It's been a long time since I've posted a Feng Shui Friday post. Never fear, my organizin' heart still yearns for order and peace, even if actually getting there takes me a lifetime to attain.
I thought I would show you my pantry cupboard today—not because it is so amazing, but because I did actually put quite a bit of thought into how to organize it.
Remember this? On the left, the pantry of my dreams. On the right, the reality (I lived with this metal shelf in the corner for quite awhile before we purchased the pantry cabinet we have now).
The pantry space I had to work with was pretty small. O.K., some small home and apartment dwellers would consider this ample, but my previous home had an entire closet devoted to a pantry. So to me it was downsizing. Before the remodel we had a slightly narrower cupboard, but it was 24 inches deep and everything would get lost in the recesses. I hated having to dig for everything.
There are some pretty impressive pantry options with fancy pull-out racks and such. It seemed to me though that those racks took up a lot of extra space. Plus they were expensive. My original plan was to have 12" inch deep storage here, to alleviate the digging. Then I thought 18" would work better to accommodate some appliances. When I priced 18" cabinets, however, they turned out to be more expensive because essentially I would be buying a 24" deep cabinet and cutting it down. So, I decided to go for the deeper cabinet and just try to be smart about the organization.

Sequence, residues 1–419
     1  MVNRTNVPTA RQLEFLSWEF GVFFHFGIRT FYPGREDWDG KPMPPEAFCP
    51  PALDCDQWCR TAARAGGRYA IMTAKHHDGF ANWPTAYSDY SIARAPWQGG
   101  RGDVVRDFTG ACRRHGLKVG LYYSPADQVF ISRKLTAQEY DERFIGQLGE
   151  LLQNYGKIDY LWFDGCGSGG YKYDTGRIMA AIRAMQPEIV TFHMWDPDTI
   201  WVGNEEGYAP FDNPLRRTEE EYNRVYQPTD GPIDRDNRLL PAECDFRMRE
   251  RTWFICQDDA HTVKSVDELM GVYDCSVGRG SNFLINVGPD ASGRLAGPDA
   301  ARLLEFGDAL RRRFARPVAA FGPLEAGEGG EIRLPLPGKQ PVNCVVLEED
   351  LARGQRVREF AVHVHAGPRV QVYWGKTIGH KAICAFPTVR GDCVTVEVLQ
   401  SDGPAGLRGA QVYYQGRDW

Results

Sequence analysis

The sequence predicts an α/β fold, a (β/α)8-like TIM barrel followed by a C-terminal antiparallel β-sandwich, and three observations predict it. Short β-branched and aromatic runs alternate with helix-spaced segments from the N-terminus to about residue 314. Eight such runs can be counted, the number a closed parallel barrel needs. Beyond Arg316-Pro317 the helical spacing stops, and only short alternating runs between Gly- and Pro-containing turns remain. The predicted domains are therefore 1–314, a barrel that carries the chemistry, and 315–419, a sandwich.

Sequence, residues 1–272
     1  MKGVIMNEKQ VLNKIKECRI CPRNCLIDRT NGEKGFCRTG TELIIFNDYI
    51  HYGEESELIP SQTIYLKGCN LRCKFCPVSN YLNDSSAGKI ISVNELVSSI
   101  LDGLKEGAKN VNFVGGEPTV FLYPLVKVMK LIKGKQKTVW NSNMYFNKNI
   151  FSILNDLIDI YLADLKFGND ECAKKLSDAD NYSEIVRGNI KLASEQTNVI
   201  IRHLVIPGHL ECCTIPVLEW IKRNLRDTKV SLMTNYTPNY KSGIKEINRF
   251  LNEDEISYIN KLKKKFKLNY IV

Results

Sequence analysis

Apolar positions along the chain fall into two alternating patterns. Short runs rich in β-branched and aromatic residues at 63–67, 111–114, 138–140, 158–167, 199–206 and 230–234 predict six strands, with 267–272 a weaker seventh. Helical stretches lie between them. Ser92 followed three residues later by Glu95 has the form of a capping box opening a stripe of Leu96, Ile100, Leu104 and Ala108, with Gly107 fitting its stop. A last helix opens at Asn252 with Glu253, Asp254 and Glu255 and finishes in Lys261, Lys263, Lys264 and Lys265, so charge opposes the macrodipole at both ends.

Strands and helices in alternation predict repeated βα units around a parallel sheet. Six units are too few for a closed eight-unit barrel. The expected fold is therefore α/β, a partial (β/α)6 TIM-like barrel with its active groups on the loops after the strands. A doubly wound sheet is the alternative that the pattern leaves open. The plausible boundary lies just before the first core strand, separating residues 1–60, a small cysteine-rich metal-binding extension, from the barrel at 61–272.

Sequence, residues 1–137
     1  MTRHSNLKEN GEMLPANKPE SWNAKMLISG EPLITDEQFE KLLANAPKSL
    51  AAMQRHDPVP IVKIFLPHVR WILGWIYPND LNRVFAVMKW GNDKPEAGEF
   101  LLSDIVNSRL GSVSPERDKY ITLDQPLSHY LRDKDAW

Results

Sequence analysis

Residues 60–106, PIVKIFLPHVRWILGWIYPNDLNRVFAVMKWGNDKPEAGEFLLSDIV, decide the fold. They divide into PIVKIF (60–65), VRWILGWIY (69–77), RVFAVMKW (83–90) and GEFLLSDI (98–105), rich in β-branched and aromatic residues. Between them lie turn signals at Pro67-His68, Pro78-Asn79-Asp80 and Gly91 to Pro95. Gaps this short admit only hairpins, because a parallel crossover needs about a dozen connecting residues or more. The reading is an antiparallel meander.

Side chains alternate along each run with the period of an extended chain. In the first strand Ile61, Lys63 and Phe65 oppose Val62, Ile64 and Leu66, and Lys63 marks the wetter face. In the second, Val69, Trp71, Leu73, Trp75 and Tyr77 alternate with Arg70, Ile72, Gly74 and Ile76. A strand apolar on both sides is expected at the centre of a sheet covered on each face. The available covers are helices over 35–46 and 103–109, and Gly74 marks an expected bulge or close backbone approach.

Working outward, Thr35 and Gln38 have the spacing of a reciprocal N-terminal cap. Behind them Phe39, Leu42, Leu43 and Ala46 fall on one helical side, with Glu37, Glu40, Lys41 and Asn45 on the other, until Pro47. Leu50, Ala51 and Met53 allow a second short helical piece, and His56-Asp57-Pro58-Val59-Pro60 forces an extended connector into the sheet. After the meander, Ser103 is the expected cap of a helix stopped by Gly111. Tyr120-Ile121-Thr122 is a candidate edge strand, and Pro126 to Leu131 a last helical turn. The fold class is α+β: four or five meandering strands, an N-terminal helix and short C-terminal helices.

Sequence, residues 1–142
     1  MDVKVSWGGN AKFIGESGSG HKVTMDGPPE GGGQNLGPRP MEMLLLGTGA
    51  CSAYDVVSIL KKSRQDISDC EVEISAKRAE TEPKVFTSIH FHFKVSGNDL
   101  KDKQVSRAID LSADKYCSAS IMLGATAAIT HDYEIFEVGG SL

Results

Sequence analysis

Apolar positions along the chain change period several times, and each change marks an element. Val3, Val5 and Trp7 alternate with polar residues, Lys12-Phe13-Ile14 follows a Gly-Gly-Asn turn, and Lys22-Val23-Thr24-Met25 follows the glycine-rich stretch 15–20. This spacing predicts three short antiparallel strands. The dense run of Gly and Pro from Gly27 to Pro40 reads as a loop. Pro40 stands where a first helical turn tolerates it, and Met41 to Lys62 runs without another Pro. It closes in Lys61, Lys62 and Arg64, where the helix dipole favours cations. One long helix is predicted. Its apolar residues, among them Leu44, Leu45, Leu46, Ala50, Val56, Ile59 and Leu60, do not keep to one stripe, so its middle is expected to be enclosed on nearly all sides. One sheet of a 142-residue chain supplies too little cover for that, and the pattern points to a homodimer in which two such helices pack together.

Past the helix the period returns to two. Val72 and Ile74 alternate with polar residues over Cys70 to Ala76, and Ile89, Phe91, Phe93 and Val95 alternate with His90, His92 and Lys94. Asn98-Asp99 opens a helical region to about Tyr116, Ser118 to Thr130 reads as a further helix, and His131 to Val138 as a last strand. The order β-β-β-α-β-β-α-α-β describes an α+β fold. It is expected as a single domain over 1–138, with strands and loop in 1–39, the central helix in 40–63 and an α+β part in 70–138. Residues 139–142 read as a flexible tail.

Here are my pantry organization rules:
1. Everything has to have "street side property"—meaning, I have to be able to see everything in my pantry. I use the depth for storing multiples behind, and for overstock. If the space behind is wasted, so be it. For example, behind the cereal containers on the top shelf and store the extra boxes and bags of cereal. Behind the grains I have ice cream buckets filled with extra. (The peas, lentils and wheat are straight off the farm! Some of the others I buy in bulk). The canned food might only have 1 or 2 in the row and others go all the way to the back.
2. I have to use every inch of vertical space possible. I actually set everything up as tight as I could and then purchased an extra shelf to fill the void. Therefore, everything is organized according to height.
3. Decanting into uniform containers may seem like a pain, but it really helps the visibility issue. I also like that it gives everything a tidier appearance.
4. The smaller and irregular shaped items go into bins. The green bins hold my onions and garlic, pudding and jello mixes, and a variety of granola bars and fruit cups for kids snacks. I fill them as full as I can and stock the extras behind. The plastic bins on the row below hold rice (left), pasta (middle), and potatoes and squash (right). The bins act like drawers. Grouping these items really helps me to see how much I have on hand.
5. Finally, label everything! (I haven't gotten to this step yet, clearly. I wanted to test my system and leave time for a little rearranging before I committed with labels.) This can seem a little obsessive, but the biggest reason for this is restocking. A, it helps my family put things away in the right spot. B, I can see when I am out of something. If there is an empty spot, I automatically know what to add to my shopping list.